Negotiations have reached breaking point as Prime Minister Boris Johnson and EU negotiator Michel Barnier fail to make progress over a trade deal. Mr Barnier agreed to put everything on the table and “intensify” talks as he looks to secure a deal with the UK. Brussels and London have clashed over red lines on state aid, regulation and fisheries as the end of the transition period approaches, with many fearing a deal may be out of sight.
The EU has demanded continued access to UK fishing grounds despite warnings from Mr Johnson that Britain will take control of its waters.
But a no deal scenario still looks increasingly likely as a compromise still looks out of reach.
While neither side has budged during trade talks, the EU were forced to remove a “punishment clause” during withdrawal talks.
In 2018, Mr Barnier and officials from Brussels removed the clause from a draft text of the arrangement for the Brexit transition period.
Documents relating to the transition period suggested Britain would have faced tough sanctions if it broke the EU rules – despite not being involved in making them during that time.
The European Commission left a footnote in the document that said the UK would lose access to elements of the European single market if it broke the rules during the transition period.
However, Brussels backtracked on this, as the wording was changed to suggest the UK would instead be put through “infringement procedures” instead of sanctions.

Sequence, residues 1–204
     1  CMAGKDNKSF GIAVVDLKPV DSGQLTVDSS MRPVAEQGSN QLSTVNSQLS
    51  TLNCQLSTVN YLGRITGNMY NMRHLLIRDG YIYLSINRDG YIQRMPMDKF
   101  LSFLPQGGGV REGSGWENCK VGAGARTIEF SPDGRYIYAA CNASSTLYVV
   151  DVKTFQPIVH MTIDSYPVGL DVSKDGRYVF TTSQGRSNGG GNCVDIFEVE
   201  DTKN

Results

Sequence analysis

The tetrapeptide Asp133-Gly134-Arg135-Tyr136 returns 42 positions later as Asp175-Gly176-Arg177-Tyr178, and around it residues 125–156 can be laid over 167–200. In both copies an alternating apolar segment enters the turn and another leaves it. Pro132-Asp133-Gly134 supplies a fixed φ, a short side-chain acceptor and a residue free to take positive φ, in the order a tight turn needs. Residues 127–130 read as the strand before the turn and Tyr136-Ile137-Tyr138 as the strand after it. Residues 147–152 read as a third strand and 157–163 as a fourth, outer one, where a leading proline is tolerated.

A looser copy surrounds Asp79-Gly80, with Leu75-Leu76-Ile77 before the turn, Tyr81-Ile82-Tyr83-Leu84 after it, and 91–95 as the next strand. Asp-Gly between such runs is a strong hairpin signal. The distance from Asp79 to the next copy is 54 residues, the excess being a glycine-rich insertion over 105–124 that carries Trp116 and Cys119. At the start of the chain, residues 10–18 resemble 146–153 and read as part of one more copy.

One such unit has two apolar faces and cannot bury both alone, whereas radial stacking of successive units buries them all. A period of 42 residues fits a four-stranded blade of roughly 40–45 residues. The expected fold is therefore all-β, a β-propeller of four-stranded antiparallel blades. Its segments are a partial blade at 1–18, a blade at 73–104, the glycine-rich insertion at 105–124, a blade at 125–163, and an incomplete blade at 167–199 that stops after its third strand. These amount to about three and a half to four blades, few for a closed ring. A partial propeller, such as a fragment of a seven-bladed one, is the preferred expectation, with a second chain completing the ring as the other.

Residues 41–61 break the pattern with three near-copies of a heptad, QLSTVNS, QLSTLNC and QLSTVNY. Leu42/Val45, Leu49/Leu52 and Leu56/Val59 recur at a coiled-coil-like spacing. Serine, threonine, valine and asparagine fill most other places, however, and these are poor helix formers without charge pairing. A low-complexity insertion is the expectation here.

The European Commission even apologised for the clause which Mr Barnier had defended as “perfectly normal”.
READ MORE: ‘If I was Britain I’d walk away’ – EU fury at Barnier over Brexit
Other diplomats had expressed their worries about the punishment clause.
One added “there was no appetite” to go back to the stalemate in the talks in the previous year.
“It is up for discussion,” they added. Another branded the clause “unworkable”.
Then-Brexit Secretary David Davis branded the clause “frankly discourteous”, and accused Mr Barnier of wanting to have it “both ways” after Brussels rejected British demands to be given the right to object to any new EU law against its interest during transition.
Whitehall sources said the French were particularly angry at the “aggressive political opening salvo” and described the hardline stance as having “fractured” the 27 EU member states.